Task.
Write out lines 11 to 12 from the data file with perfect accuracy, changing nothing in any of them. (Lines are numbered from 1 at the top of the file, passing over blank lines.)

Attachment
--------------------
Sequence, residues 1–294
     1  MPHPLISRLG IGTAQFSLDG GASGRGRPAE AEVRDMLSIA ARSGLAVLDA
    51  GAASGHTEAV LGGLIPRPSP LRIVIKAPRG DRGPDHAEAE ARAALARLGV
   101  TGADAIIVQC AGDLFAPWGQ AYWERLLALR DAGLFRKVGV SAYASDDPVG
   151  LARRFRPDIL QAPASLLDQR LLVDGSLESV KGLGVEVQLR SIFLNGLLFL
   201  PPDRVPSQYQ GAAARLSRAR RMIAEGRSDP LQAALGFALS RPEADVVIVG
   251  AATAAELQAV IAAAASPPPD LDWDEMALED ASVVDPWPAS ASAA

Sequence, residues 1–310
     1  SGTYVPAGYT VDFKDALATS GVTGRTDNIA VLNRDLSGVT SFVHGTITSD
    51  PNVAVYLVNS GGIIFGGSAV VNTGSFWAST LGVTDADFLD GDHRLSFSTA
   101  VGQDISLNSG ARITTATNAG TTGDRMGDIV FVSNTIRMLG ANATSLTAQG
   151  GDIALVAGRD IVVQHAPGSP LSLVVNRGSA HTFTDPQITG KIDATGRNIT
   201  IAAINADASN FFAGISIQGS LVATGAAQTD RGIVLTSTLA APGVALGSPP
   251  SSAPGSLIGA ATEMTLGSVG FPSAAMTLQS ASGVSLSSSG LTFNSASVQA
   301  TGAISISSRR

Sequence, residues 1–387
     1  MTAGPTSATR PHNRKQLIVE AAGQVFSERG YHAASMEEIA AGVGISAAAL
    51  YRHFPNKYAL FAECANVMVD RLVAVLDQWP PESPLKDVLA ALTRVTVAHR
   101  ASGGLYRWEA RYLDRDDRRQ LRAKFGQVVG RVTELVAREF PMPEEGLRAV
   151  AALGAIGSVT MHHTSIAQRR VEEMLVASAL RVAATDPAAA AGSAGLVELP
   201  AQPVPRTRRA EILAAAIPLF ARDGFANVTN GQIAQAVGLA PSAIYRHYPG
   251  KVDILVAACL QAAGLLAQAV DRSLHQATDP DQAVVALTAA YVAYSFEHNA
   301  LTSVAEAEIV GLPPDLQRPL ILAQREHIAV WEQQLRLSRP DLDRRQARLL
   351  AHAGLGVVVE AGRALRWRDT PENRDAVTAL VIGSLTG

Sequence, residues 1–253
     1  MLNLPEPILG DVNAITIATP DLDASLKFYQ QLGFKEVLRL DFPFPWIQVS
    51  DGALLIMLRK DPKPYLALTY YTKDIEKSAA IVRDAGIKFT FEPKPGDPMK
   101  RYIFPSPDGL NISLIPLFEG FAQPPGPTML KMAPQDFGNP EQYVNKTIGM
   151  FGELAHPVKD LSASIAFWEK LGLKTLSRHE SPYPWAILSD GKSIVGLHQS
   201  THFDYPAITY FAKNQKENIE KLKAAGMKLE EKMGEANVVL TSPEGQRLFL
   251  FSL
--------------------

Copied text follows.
   101  VGQDISLNSG ARITTATNAG TTGDRMGDIV FVSNTIRMLG ANATSLTAQG
   151  GDIALVAGRD IVVQHAPGSP LSLVVNRGSA HTFTDPQITG KIDATGRNIT